In its third annual Freelancing in America survey (conducted in partnership with the Freelancers Union), Upwork polled 6,002 working U.S. adults, over 2,500 of whom identified themselves as freelancers. The 2016 survey revealed that the number of freelancers in the U.S. has increased by two million since 2014, jumping to 55 million workers, or 35 percent of the workforce. And it's no wonder, when you consider the benefits freelancing offers such as the opportunity to make your own hours and be your own boss.
Luckily, finding freelance work is easier than ever -- 77 percent of freelancers in the survey noted that technology has made freelancing easier and more profitable, and 66 percent said the amount of business they found online increased in 2016. But building a reliable base of freelance clients who keep coming back for more work takes time and effort.
Maintain a professional presence online and off
Travis Flastad has worked as a freelancer for more than 10 years, building simulators and training aids for the Department of Defense. He finds that, as a freelancer, it's important to have business cards, a website and social media networks set up to identify yourself as a professional. It not only helps you land more business, but maintaining a professional image can even help you secure "a competitive rate," he says.
He even suggests having "someone you trust who doesn't fully understand what you do" look over your business materials to see if it helps them get a better idea of what you offer. That way, you can have an unbiased look at how you get your message across, and anything they don't understand, you know you'll need to clarify.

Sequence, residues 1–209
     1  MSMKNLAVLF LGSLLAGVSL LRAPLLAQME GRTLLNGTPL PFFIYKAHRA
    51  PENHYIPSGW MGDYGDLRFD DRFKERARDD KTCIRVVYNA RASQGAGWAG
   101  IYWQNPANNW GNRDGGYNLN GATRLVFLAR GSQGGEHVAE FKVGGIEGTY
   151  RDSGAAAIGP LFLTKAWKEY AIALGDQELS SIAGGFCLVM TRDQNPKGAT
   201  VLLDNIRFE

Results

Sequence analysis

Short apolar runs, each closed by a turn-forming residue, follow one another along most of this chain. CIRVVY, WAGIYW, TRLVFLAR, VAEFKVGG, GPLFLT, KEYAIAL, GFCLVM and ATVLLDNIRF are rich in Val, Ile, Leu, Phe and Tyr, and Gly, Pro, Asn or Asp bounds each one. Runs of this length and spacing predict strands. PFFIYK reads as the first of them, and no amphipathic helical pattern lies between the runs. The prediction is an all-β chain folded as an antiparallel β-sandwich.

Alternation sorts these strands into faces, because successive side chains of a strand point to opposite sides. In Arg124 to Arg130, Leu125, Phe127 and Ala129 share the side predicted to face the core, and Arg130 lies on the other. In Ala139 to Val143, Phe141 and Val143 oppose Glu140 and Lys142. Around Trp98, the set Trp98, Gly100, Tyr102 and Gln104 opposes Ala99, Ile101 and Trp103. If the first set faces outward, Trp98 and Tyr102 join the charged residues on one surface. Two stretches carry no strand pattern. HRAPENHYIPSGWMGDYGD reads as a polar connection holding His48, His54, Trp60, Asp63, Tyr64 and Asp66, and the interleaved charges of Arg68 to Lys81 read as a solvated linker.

"I've been building my services for 10 years, but the best feedback I sometimes get is when a trusted colleague tells me they don't exactly comprehend a new service," says Falstad.
Network and build relationships
Just as you need to view yourself like a business, you also need to network and build relationships like a business owner. As a freelancer, you have a lot of competition, but if you work on building solid relationships with your clients, they'll be more likely to keep coming back to you.
Your focus should be on turning "a one-off assignment into a repeat one," says Monica Mizzi, editor of FreelanceWriting.com. Don't expect clients to automatically come back to you for more work -- you might have to be the one to follow up. While she admits it's cliché advice, Mizzi says freelancers need to be "confident, assertive and compelling in order to convince a client to work with you again."
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